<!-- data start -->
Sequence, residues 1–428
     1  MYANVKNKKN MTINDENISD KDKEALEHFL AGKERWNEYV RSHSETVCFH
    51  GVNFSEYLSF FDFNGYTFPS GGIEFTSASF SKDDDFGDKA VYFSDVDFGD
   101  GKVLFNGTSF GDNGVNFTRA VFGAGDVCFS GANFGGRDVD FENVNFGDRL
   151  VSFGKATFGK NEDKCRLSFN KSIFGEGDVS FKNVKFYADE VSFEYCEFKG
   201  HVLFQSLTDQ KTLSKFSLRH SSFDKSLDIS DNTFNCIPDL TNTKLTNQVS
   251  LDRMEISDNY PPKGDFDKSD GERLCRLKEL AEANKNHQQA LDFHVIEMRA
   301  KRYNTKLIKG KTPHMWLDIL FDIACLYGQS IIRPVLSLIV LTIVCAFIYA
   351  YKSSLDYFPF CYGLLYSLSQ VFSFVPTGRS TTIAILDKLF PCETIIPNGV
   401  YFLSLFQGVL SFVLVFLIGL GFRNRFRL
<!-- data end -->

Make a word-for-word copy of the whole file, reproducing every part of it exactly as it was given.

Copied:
Sequence, residues 1–428
     1  MYANVKNKKN MTINDENISD KDKEALEHFL AGKERWNEYV RSHSETVCFH
    51  GVNFSEYLSF FDFNGYTFPS GGIEFTSASF SKDDDFGDKA VYFSDVDFGD
   101  GKVLFNGTSF GDNGVNFTRA VFGAGDVCFS GANFGGRDVD FENVNFGDRL
   151  VSFGKATFGK NEDKCRLSFN KSIFGEGDVS FKNVKFYADE VSFEYCEFKG
   201  HVLFQSLTDQ KTLSKFSLRH SSFDKSLDIS DNTFNCIPDL TNTKLTNQVS
   251  LDRMEISDNY PPKGDFDKSD GERLCRLKEL AEANKNHQQA LDFHVIEMRA
   301  KRYNTKLIKG KTPHMWLDIL FDIACLYGQS IIRPVLSLIV LTIVCAFIYA
   351  YKSSLDYFPF CYGLLYSLSQ VFSFVPTGRS TTIAILDKLF PCETIIPNGV
   401  YFLSLFQGVL SFVLVFLIGL GFRNRFRL